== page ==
NEW YORK – Sophia Genetics said Thursday before market opening that its second quarter revenue grew 72 percent year over year to $10.2 million from $5.9 million a year ago when the company was privately held.
For the quarter ended June 30, net loss more than doubled year over year to $18.4 million, or $.38 per share, from $7.9 million, or $.20 per share. CFO Ross Muken partially attributed the greater loss to expenses related to preparing for the initial public offering the company executed in July.
This is Sophia's first quarterly financial release as a public company.
In a conference call Thursday morning, Muken said that much of the revenue growth came from the addition of new customers and more use of Sophia technology from existing customers as COVID-19 restrictions eased in Q2. The company counted 780 customers at the end of Q2, up from 750 in Q1. Average revenue per platform customer grew to $84,000 from $63,000 a year earlier, according to Muken.
R&D expenses totaled nearly $6.4 million for the quarter, up 61 percent from $3.8 million in Q2 2020. Sophia reported SG&A costs of $15.8 million, a 116 percent increase from the prior year's $7.3 million.
Sophia had $42.5 million in cash and equivalents as of June 30.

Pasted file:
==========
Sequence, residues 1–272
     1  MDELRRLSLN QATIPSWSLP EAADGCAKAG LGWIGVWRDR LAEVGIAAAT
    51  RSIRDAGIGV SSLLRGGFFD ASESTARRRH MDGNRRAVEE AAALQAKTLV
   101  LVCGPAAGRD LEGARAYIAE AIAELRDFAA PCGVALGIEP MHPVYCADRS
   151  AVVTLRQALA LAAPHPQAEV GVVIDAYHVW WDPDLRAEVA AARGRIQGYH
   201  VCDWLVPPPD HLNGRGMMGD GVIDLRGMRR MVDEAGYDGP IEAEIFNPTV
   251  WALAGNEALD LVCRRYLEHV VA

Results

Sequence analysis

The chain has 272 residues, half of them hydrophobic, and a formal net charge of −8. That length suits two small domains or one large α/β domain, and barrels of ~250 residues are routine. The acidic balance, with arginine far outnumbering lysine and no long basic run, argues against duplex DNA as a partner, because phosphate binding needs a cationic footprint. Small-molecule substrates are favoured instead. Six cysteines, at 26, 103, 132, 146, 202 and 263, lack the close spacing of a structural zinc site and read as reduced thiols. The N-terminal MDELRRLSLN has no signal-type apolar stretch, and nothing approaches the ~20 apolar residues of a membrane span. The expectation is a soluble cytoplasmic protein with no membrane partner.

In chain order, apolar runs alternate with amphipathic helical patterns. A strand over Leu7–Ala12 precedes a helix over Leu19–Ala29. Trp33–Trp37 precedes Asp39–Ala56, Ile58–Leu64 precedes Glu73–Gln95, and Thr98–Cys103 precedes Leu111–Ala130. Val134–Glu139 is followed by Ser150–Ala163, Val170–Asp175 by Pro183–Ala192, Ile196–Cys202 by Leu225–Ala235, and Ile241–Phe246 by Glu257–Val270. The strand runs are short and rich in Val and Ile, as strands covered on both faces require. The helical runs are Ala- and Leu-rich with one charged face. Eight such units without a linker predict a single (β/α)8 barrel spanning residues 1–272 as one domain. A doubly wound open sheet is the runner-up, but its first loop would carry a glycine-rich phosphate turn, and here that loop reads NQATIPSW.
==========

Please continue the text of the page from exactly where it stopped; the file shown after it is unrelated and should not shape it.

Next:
The company said that it expects full-year revenues of $39 million for 2021, which would represent 37 percent growth from 2020.
Sophia stock opened at $18.83 in Nasdaq trading Thursday, up 6 percent from Wednesday's close at $17.76.
Sophia, which has twin headquarters in Saint-Sulpice, Switzerland, and Boston, said Thursday that it netted $217 million from the IPO. The firm raised an additional $20 million from a private placement by GE Healthcare in July.
The company also announced an agreement with Agilent Technologies to comarket technology to automate library prep and analytics processes for next-generation sequencing.
CEO and founder Jurgi Camblong said that Sophia users are now analyzing more than 20,000 genomic profiles per month.
Camblong said that the company is making a particular push in the US market and is in the process of tripling its office space in Boston. He also alluded to a partnership with Weill Cornell Medicine that the company has not widely publicized.
In July, Sophia signed a letter of intent with GE Healthcare to codevelop new artificial intelligence-driven analytics and workflow technologies to improve the matching of treatments based on genetic and tumor profiles of cancer patients. Camblong said Thursday that a formal deal should be finalized by the end of the year.